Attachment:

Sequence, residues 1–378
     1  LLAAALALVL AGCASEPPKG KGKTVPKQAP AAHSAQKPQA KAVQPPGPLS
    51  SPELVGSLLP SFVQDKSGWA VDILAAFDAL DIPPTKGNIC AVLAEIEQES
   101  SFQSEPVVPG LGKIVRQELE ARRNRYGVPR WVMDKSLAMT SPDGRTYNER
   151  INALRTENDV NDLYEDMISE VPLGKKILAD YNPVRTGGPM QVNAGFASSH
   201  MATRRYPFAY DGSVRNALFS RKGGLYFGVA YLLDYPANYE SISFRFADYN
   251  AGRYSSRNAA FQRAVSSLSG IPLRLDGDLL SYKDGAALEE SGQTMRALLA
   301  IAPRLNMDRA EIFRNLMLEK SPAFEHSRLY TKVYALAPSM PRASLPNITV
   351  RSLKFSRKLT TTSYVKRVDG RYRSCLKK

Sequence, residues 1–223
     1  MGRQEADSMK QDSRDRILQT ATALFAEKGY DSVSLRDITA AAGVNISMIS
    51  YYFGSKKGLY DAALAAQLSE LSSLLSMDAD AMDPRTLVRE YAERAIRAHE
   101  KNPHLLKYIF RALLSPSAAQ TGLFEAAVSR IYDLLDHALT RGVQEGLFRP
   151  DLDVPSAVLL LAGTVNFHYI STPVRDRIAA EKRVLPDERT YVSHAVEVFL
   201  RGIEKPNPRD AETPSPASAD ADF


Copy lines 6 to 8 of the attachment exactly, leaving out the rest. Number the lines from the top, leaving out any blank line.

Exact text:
   201  MATRRYPFAY DGSVRNALFS RKGGLYFGVA YLLDYPANYE SISFRFADYN
   251  AGRYSSRNAA FQRAVSSLSG IPLRLDGDLL SYKDGAALEE SGQTMRALLA
   301  IAPRLNMDRA EIFRNLMLEK SPAFEHSRLY TKVYALAPSM PRASLPNITV